Reading and Writing Project #4: Science

fish teeth

This month our Science Team facilitated our “Reading and Writing Project” lesson by sharing an article titled, Russian Fisherman Catches Fish With “Human Teeth”, written by Meera Dolasia.  The article and lesson outline are noted below.

Lesson:  ReadingWritingProjectSCIENCE

Although this article was engaging and extremely interesting to the middle school brain, it was lacking the complexity needed for a close reading lesson. A close reading lessons needs to provide a struggle for the reader to work through. If the text is simplistic, it is not appropriate for a close reading lesson.

It is key to remember that a close reading lesson is utilized to allow students to learn how to attack complex text in a supportive learning environment. Students must be allowed to attempt a text above their reading level, discuss confusions, and learn from others thinking and learning.  This is  not a quiet scripted lesson.

Close reading is messy.  Close reading is a slow process. Close reading is a group effort that often has layers of learning and meaning that changes through out each day the text is read.

A few ideas about what makes a text complex: vocabulary, text structure, content, or the layers of meaning.

If I was to go back in time and re-structure this lesson, I might add the following steps:

1.  Use the article noted above as an introduction to the topic.

2.  Introduce an additional article about the Pacu fish: http://www.amusingplanet.com/2014/02/pacu-fish-with-very-human-teeth.html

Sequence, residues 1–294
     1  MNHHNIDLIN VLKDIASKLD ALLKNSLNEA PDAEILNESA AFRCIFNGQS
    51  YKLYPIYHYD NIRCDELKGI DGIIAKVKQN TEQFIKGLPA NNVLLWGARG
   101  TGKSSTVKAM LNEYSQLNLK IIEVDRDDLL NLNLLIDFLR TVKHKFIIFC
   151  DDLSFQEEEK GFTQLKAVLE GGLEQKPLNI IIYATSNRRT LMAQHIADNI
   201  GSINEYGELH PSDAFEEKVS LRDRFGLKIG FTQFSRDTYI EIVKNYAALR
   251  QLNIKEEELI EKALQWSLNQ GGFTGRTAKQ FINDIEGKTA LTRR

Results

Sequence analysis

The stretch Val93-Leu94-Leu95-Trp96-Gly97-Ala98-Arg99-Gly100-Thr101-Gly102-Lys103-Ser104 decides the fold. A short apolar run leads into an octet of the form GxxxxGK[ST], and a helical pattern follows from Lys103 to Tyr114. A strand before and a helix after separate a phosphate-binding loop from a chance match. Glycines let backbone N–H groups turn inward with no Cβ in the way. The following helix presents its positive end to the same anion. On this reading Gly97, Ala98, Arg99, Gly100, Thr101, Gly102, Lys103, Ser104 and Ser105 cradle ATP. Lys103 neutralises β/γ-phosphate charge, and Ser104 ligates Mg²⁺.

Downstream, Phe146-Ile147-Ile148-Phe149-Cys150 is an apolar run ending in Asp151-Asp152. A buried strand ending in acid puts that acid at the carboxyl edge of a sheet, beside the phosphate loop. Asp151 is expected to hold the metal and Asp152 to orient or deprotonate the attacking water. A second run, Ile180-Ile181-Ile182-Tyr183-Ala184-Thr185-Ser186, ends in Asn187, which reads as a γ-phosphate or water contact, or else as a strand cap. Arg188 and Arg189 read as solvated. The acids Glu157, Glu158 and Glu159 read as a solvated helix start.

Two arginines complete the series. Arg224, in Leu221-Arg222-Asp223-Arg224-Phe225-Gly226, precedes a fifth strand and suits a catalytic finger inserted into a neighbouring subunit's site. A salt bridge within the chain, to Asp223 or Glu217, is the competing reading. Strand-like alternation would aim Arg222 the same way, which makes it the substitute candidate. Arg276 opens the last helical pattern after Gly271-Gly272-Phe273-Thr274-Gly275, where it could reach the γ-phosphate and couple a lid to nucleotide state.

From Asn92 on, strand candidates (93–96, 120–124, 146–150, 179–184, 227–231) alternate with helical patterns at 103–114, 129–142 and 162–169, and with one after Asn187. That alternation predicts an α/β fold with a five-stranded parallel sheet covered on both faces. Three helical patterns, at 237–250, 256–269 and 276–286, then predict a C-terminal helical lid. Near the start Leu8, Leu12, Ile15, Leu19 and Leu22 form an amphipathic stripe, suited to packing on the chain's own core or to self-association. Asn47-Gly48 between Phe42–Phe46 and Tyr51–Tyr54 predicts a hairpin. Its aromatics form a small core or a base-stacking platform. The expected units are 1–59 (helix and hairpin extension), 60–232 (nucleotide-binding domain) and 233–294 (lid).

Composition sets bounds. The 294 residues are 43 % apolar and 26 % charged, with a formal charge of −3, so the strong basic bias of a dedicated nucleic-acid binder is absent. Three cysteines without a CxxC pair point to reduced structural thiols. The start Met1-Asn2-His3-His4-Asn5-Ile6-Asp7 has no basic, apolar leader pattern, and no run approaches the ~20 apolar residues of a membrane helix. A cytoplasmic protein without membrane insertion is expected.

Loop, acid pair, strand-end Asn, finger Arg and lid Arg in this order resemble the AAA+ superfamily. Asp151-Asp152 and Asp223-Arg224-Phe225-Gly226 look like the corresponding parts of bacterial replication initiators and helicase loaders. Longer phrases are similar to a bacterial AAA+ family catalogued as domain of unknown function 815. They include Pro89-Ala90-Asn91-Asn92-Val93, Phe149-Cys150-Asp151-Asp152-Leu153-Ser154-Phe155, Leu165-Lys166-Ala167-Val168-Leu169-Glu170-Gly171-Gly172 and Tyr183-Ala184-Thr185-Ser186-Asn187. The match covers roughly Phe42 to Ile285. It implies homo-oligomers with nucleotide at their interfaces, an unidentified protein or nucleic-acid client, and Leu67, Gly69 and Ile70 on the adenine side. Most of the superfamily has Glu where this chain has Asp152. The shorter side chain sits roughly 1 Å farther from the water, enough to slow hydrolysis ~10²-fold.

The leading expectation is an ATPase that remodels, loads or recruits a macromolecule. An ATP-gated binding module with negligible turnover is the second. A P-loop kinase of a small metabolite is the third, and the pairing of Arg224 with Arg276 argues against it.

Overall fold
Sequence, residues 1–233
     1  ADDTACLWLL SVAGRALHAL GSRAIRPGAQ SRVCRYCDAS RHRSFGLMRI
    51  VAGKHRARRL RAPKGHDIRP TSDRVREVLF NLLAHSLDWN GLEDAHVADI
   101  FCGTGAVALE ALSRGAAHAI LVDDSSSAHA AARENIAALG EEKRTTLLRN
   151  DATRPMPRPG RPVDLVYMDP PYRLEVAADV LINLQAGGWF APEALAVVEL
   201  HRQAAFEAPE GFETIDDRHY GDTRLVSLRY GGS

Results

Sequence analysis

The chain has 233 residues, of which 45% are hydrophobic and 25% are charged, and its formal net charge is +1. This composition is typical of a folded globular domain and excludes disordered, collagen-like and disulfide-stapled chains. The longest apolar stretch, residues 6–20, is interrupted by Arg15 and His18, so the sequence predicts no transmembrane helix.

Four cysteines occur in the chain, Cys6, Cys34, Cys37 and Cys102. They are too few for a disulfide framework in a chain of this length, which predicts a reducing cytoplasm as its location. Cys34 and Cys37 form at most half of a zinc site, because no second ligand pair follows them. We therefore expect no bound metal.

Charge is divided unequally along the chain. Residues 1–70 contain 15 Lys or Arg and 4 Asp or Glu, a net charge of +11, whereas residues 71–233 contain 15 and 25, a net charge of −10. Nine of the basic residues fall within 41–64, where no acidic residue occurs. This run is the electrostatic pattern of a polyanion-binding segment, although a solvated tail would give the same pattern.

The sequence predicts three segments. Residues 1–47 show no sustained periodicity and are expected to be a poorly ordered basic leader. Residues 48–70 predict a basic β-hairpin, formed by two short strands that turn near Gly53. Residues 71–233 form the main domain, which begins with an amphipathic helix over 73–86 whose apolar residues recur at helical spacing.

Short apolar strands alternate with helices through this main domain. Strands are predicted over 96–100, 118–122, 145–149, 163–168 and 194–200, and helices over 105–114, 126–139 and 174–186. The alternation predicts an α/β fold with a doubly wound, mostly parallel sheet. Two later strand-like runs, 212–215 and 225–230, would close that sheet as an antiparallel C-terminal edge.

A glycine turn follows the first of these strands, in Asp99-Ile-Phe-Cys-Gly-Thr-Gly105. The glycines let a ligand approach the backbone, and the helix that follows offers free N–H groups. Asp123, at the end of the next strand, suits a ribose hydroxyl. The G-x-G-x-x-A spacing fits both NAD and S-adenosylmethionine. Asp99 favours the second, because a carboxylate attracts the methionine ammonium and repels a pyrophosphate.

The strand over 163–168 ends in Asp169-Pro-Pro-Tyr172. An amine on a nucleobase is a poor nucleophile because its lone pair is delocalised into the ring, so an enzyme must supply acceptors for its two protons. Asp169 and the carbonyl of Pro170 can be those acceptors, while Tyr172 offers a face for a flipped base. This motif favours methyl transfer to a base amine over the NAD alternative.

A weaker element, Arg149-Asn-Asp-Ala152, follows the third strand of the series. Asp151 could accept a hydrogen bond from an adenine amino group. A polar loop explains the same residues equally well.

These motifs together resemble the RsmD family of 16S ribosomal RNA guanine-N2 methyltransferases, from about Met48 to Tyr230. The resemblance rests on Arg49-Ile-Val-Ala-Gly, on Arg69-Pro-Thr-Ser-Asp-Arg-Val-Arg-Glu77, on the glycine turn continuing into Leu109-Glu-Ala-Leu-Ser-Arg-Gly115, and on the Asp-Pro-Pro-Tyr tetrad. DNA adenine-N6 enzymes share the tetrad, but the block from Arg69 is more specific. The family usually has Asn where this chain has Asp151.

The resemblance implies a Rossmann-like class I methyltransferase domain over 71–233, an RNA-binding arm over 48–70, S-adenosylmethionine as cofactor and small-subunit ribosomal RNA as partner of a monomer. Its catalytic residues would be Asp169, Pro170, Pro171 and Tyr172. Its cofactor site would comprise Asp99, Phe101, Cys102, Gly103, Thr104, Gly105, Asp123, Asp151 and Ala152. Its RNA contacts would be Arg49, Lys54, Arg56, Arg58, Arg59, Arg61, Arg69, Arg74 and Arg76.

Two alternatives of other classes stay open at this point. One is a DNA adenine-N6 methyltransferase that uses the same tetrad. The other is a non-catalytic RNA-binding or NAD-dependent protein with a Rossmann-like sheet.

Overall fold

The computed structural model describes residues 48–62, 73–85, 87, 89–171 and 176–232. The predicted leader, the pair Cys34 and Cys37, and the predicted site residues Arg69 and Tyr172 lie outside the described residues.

3.  Have the students read this article about the Piranha fish:  http://www.extremescience.com/piranha.htm

4.  Ask the students to create a Venn Diagram from the information they learned about the two fish.

5.  Essay Response: After studying about the Pacu and Piranha fish, explain why it is irresponsible  to have these fish as pets.  Use textual evidence to support your claim.

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The Venn Diagram noted below was created by Tina Cheuk.  Her work highlights that every content area is responsible for teaching literacy in the CCSS.  So as we continue on our “Reading and Writing” journey, we will keep our focus on learning and progressing towards creating independent, grade level readers of complex text.  Every content teacher is responsible for understanding how to create lessons that focus on helping students read like scientist, historians, and mathematicians.

venn diagram of crossing standards

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Reading and Writing Project #3: History Team

THE PURPOSE OF THE READING AND WRITING PROJECT IS TO:

CREATE STUDENTS THAT CAN READ COMPLEX TEXT

INDEPENDENTLY

& WRITE ARGUMENTATIVE ESSAYS INDEPENDENTLY!  

Lincoln complex text

Did I mention that our history team ROCKS!!!

The time is here for our third round of lessons for our “Reading and Writing Project”.  This month our lessons will be created and facilitated (on our daily broadcast) by our history teammates. Historical content is a rich playing field full of complex text, primary documents and online resources to push our thinking and understanding of the world around us. With all that said, our history team did not shy away from this challenge.  They have created a triage of lessons that I know is going to grab our students’ attention and create some very intriguing conversations in our classrooms.  After all, who doesn’t love a good mystery?